Maybe Orleans never quite achieved the stratospheric sales of similar, harmony-based ‘70s bands like America, Firefall or Pablo Cruise, but two songs – “Dance With Me” and “Still the One” – have transcended the decades, appealed enormously to consecutive generations and turn up with regularity on playlist after playlist today. That’s a big rumble on the rock ‘n’ roll Richter scale.
John Hall, who co-wrote both of those tunes with his then-wife Johanna, was a founding member of Orleans, and will be there, playing lead guitar and adding his vocal parts, when the band appears at the Capitol Theatre Saturday (April 24).
Along the way, Hall took a detour unprecedented by any other pop musician: He served a term in the United States House of Representatives, for New York’s 19th congressional district.
Hall got back to where he once belonged (playing and singing in Orleans fulltime) in 2012.
“Music came first – I grew up in a very devout family, where we also sang a lot,” Hall tells the Catalyst. “And we listened to all kinds of music, a lot of classical, and I grew up playing piano from when I was 4 and a half. And French horn in school. Organ in church. So there’s a natural connection there.
“But I also feel like I got a strong dose of faith and the sense of responsibility that goes with it. Which includes being a good steward of the earth. But there’s a parallel between music and politics, especially the campaigning: You’re the product. You’re onstage saying ‘Listen to this,’ selling a solo or trying to convey the lyrics in a song. And you’re used to being in front of people. So that really helped me as a candidate.
“If you’ve been doing frat parties and having beer bottles thrown at you, you can handle hecklers pretty well.”
Hall’s “steward of the earth” philosophy first showed itself in 1979, when along with Jackson Browne, Bonnie Raitt and others he organized M.U.S.E. (Musicians United for Safe Energy) and the legendary No Nukes fundraising and awareness-raising concert at Madison Square Garden.
Before Mr. Hall went to Washington in 2006, he’d served in the county legislature in Ulster County, New York, followed by two terms on the county school board. “Running for office was never, to me, about wanting to do a career change,” he explains. “It was about wanting to get something done.”
Hall formed Orleans in 1972 with fellow multi-instrumentalists Wells Kelly and Larry Hoppen. Shortly after they’d begun performing as a trio, Lance Hoppen – Larry’s younger brother – joined on bass and harmony vocals.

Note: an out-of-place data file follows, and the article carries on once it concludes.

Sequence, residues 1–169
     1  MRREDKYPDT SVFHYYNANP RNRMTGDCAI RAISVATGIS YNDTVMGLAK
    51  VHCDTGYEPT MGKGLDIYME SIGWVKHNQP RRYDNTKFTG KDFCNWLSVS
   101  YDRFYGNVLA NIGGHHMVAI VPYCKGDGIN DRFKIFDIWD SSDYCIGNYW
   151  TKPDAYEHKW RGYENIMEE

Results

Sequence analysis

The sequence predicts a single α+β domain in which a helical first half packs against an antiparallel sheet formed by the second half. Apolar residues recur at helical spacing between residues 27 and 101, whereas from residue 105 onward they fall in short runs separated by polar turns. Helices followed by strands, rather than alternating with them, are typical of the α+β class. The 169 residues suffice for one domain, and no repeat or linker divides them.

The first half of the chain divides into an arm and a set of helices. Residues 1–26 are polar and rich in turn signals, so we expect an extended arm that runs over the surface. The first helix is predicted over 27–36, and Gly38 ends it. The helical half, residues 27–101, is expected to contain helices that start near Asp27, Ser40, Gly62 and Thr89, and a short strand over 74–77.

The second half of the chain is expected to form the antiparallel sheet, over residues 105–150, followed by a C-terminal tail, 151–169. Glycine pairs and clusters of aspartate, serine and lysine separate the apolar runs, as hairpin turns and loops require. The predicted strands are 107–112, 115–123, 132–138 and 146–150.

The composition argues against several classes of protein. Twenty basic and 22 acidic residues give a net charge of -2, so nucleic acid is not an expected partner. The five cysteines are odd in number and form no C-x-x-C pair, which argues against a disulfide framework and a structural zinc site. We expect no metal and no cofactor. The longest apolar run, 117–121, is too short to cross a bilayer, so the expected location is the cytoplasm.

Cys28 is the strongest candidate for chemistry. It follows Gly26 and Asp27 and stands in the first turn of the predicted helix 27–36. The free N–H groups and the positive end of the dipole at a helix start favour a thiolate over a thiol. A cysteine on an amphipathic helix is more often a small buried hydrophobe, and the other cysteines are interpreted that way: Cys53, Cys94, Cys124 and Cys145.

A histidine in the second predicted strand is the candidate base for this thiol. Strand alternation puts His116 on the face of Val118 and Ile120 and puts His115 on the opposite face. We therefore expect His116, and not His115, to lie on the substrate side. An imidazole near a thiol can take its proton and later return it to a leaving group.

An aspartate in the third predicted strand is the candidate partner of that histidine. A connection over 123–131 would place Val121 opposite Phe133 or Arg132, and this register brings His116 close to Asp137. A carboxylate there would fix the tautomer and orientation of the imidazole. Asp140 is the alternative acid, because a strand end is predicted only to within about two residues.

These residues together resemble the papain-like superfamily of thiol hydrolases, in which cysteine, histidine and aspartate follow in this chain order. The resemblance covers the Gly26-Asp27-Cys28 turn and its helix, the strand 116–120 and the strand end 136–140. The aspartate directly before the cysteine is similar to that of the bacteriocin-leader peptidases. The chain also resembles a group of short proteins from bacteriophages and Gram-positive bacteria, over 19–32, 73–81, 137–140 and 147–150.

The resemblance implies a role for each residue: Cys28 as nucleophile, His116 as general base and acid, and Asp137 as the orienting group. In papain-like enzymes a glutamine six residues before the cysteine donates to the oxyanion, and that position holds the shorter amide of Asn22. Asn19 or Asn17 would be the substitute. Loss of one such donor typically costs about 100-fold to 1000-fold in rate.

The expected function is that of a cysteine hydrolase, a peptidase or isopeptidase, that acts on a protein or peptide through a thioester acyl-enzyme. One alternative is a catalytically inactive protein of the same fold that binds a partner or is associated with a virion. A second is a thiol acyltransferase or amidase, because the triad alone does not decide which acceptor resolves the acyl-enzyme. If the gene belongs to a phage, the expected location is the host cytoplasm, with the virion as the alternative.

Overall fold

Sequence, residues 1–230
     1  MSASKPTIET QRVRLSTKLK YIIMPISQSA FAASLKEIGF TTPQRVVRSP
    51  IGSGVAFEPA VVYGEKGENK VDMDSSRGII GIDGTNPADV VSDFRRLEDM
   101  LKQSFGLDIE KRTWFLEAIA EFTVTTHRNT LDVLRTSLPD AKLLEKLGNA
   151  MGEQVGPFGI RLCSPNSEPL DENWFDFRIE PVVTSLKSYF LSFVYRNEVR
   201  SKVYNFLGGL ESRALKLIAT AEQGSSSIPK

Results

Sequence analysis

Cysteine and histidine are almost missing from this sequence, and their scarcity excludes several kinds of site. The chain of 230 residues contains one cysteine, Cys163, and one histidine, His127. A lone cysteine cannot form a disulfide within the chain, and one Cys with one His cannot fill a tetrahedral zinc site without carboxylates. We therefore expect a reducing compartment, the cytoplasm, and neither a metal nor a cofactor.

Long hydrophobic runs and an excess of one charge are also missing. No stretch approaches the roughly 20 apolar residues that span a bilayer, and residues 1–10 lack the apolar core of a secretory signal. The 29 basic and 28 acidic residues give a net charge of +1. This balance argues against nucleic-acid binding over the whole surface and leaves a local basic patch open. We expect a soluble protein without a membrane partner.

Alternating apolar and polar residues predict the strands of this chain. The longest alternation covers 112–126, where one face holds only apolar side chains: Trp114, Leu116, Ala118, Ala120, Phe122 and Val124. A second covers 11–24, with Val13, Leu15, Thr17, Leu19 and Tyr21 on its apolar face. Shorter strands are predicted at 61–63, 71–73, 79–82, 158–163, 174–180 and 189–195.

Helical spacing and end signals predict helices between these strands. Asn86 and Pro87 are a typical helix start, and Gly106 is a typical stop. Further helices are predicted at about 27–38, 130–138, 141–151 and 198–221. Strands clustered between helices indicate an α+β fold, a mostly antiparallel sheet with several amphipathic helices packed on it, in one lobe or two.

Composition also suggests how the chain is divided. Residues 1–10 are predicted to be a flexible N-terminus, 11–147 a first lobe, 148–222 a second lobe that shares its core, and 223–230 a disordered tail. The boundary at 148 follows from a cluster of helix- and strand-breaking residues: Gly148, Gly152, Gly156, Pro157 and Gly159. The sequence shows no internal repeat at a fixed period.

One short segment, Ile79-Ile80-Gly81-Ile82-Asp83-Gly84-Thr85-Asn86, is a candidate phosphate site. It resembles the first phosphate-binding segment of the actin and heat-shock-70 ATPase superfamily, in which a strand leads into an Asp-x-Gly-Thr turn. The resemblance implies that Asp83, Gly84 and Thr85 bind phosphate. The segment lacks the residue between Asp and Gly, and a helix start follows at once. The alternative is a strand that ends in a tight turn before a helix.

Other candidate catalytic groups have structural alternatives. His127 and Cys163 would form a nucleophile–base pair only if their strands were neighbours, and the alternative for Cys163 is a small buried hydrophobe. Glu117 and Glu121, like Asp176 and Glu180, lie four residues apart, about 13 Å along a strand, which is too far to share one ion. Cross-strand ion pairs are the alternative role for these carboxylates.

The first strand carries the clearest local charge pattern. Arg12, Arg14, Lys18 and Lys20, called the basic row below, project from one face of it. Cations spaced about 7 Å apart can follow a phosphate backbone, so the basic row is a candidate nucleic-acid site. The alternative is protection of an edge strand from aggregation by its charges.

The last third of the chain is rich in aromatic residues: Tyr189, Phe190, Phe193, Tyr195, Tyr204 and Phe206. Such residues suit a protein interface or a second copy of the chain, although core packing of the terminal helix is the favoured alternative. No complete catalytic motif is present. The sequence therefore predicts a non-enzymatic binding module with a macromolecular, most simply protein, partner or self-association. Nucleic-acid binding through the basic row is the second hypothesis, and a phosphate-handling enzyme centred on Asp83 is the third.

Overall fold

“Dance With Me” hit No. 6 in 1975, with “Still the One” going to No. 5 the following year. Both singles, featuring Larry Hoppen on lead vocals, were certified gold. “Love Takes Time,” released in 1977, just missed the Top Ten.
The band’s fortunes began to fade quickly after those hits. Hall left for a solo career, followed by Kelly, who died in 1984 from a drug overdose. The Hoppen Brothers recruited new members as the years passed, including Lane Hoppen, the youngest sibling, on keyboards. Hall reunited with the others numerous times over the decades.
Larry Hoppen committed suicide in July 2012.
“You know,” Hall ruminates, “we miss Larry. We miss him instrumentally as much as we do vocally. He was an incredible multi-instrumentalist. But I think he would want us to continue. It’s our job. We just keep going at it.
“Larry had the tenor voice that people associate with Orleans. There are plenty of bands that have lost members and still go out and perform under the same name. Lance and Lane Hoppen both have extraordinary voices. I’ve been singing with Hoppen brothers for 50 years! We blend really well together, and we’re used to singing together. It’s a sound.”
The present-day lineup includes Hall, Lance Hoppen, Lane Hoppen, Dennis “Fly” Amero (guitar) and Brady Spencer (drums).
Saturday’s Capitol Theatre concert will be Orleans’ first show in more than a year. The pandemic has kept the musicians off the road and in their respective homes (Hall and Lance Hoppen both live in Nashville, while Lane is a resident of Orlando).
With politics in his rear view mirror, 72-year-old John Hall is once again all about the music, and the legacy of Orleans.
“We’re still getting close to half a million streams on one of the streaming platforms,” he says. “And that’s astonishing to us. But we’re grateful for it, and we count ourselves blessed and lucky both.”
Tickets available here.